Worcestershire 30 for 0 trail Pakistanis 261 for 3 dec (Azhar 81, Masood 67, Rizwan 49*)
Shan Masood all but confirmed his place in the Pakistan side for the third Test at Edgbaston with a patient half-century in the tour game against Worcestershire.
Masood, who has looked less than immoveable at the top of the order in the Test series, came into the game under a little pressure, but easily out-scored his most obvious rival for a spot, Sami Aslam, and has almost certainly done enough to retain his spot.
That news may not cause any sleepless nights for James Anderson. He has dismissed Masood, who has scored 71 in four innings this series, in all six innings in which they have confronted one another in Test cricket and on four of those occasions he has failed to pass 2.
But here, confronted by a modest attack and a painfully slow pitch being used for the second time in a week (it was described by Azhar Ali as "a very tired pitch"), he took the opportunity to gain some time at the crease and build some confidence with a determined innings that belied the low-key nature of this two-day contest.
There was one nervous moment early on when he played and missed at Charlie Morris on 1 and another on 52 when Morris put down a tough chance at backward square leg off George Rhodes' offspin. But in between times he demonstrated patience - he did not score his second run until his 27th delivery and it took him 124 balls to reach his half-century - some familiar nicely timed strokes off his legs and one pleasing off-drive against the medium pace of Alex Hepburn.
Aslam may reflect that he has not been given the best opportunity to shine on this tour. Having not played a first-class game since December, he had had to wait until now for his first innings of the tour and, having clubbed the first boundary of the innings - a lofted drive over mid-on off the out of sorts Jack Shantry - from the penultimate ball of the 14th over, then followed one angled across him and edged to slip. Aslam may look back on this as a frustrating tour but, aged just 20, he has time on his side. Pakistan also hope to bat again in the latter stages of the second day of this game, so he should have one more opportunity to impress.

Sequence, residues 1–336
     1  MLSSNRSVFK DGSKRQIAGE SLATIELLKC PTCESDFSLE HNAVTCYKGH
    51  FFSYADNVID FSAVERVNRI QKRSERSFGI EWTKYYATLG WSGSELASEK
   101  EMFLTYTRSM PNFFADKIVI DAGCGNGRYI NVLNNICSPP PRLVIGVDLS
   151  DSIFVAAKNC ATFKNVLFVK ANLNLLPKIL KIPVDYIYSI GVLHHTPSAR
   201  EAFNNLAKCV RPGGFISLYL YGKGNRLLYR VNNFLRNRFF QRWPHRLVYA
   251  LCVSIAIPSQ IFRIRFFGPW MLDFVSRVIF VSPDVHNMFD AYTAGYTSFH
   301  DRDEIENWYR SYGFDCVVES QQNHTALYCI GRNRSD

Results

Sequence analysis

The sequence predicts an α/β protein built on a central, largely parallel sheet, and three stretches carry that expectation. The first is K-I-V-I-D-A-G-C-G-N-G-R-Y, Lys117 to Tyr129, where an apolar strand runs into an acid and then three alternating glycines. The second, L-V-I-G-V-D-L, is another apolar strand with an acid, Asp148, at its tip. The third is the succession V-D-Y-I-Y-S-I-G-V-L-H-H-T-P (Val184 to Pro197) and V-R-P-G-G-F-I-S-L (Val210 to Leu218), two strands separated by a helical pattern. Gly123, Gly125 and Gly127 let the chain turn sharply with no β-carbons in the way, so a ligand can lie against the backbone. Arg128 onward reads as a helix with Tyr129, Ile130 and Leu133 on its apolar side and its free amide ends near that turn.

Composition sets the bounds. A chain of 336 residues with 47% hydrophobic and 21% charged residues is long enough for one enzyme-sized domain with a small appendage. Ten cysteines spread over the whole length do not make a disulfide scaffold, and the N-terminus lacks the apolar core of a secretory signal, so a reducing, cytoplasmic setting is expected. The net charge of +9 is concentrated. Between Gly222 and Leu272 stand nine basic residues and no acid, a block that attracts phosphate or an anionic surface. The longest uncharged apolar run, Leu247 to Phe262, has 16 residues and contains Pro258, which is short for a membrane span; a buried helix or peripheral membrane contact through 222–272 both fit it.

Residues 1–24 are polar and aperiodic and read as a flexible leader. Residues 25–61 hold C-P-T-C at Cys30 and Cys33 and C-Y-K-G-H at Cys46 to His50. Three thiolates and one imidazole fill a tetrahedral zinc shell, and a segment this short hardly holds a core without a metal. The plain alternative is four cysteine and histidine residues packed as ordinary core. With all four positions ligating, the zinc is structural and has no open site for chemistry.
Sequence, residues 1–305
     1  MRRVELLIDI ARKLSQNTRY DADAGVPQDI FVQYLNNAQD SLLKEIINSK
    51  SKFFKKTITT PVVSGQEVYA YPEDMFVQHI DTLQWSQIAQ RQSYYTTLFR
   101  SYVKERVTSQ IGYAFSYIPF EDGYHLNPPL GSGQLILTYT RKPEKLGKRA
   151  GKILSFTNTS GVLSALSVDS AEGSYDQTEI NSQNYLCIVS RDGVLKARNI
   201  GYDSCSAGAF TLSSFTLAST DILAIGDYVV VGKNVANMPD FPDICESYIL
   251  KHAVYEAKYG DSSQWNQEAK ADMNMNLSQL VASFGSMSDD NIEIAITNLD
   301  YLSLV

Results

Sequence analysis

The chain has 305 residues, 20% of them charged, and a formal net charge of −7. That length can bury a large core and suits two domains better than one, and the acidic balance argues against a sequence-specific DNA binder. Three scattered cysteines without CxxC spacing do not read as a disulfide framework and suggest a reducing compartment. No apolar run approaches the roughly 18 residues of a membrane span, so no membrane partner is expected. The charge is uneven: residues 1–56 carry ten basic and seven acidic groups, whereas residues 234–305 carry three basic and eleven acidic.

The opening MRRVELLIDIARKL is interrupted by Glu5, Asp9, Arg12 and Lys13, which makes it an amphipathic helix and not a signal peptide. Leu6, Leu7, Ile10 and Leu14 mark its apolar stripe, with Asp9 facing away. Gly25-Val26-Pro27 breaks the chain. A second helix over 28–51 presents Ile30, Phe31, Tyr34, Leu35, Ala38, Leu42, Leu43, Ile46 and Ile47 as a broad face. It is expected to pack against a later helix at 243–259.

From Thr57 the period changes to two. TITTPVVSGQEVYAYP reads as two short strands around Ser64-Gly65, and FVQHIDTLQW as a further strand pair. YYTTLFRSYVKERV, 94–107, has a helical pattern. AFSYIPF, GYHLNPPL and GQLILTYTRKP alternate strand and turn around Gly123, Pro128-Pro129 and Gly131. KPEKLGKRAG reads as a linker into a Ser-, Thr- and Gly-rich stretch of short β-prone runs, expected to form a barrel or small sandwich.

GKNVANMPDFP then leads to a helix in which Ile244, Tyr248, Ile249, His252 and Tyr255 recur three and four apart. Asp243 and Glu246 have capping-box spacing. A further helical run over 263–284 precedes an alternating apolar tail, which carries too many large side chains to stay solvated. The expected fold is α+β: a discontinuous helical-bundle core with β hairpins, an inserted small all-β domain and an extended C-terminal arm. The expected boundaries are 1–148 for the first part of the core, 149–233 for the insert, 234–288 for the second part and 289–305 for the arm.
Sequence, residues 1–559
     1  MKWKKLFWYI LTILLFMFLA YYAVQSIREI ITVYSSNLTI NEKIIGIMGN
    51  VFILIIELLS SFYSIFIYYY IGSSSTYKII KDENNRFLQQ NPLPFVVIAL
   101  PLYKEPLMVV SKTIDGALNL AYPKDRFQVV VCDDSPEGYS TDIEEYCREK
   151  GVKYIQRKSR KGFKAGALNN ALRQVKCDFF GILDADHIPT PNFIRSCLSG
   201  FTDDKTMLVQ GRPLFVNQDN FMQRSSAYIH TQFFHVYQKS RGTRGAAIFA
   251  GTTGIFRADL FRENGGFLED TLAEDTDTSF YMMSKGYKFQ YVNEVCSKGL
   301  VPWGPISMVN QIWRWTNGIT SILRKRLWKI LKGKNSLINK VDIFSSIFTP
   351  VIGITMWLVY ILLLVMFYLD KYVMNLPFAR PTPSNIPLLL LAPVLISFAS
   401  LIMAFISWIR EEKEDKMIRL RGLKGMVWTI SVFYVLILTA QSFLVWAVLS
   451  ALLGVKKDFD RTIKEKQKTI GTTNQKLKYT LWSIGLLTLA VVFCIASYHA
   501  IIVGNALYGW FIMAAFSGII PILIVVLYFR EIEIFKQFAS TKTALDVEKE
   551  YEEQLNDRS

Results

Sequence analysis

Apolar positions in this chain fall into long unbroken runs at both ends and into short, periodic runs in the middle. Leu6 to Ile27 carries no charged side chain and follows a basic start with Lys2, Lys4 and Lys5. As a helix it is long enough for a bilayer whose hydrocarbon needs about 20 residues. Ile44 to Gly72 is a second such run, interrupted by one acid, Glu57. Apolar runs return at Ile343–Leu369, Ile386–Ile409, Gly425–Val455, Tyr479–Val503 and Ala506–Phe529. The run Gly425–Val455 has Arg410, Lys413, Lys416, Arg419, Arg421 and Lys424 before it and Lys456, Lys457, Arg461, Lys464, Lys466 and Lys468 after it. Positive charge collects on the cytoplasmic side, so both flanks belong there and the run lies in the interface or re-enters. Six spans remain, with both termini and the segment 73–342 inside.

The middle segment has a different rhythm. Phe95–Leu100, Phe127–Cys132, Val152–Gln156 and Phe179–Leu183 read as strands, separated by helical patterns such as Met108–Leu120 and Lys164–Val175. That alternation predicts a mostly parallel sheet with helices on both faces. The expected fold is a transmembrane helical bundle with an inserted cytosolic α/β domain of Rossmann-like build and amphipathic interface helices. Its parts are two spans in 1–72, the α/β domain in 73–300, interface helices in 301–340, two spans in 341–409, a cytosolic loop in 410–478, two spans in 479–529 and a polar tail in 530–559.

There were also runs for Azhar. He is captain in this game in place of the rested Misbah-ul-Haq and has also endured a modest start to the series - he has scored 39 in four innings - but here he looked a class above in making an accomplished 81 that included a straight six off Rhodes and a slogged four through midwicket to bring up his half-century from 103 deliveries. "Teams do work you out in international cricket," he said afterwards when asked about England's bowlers exploiting his habit of falling over towards the off side. "You need to cope with it."
While Worcestershire are close to full strength - Brett D'Oliverira, who has just signed a three-year contract extension with the club, and Ben Cox and Joe Leach, who have both played every game this season, were the only three rested - this was a used surface and their attack is a good deal more sedate than the one Pakistan will experience at Edgbaston next week. Three of them - Rhodes, Hepburn and Alexei Kervezee - have nine first-class wickets between them, while Ed Barnard is just 20.
Barnard can bowl, though. He produced a beauty to account for Azhar- the ball reversed just enough to clip the top of off stump - and, as he grows and strengthens, looks as if he could be a good prospect.
The decision to rest Cox provided an opportunity for Joe Clarke, arguably the most talented 20-year-old batsman in England, to keep wicket and although he fumbled a couple of times, he took a nice catch to end Masood's innings as the batsman skipped down the pitch, was beaten by some turn and edged his attempted drive.
That allowed Mohammad Rizwan to compile an unbeaten 49 full of elegant strokes - his late cut and sweep, in particular - and Iftikhar Ahmed, whose first scoring stroke was a slightly mis-hit six off Kervezee, to make an unbeaten 41 in an unbroken fourth-wicket stand of 80 before the declaration. Younis Khan, slightly surprisingly given his form, was rested but batted in the nets. This two-day game does not have first-class status so there is some potential for the teams to change on the second day, though both sides have said they will resist that temptation.
Meanwhile, Mohammad Hafeez worked with Carl Crowe, the former county spinner turned coach, in the nets. Crowe helped Sunil Narine re-model his action after it was deemed illegal and is trying to help Hafeez through a similar process now. As yet, though, there is no re-test booked for Hafeez and, until there is, he cannot be cleared to bowl in a match. As a result, it seems there is no chance of him bowling in the third Test and very little in the final Test.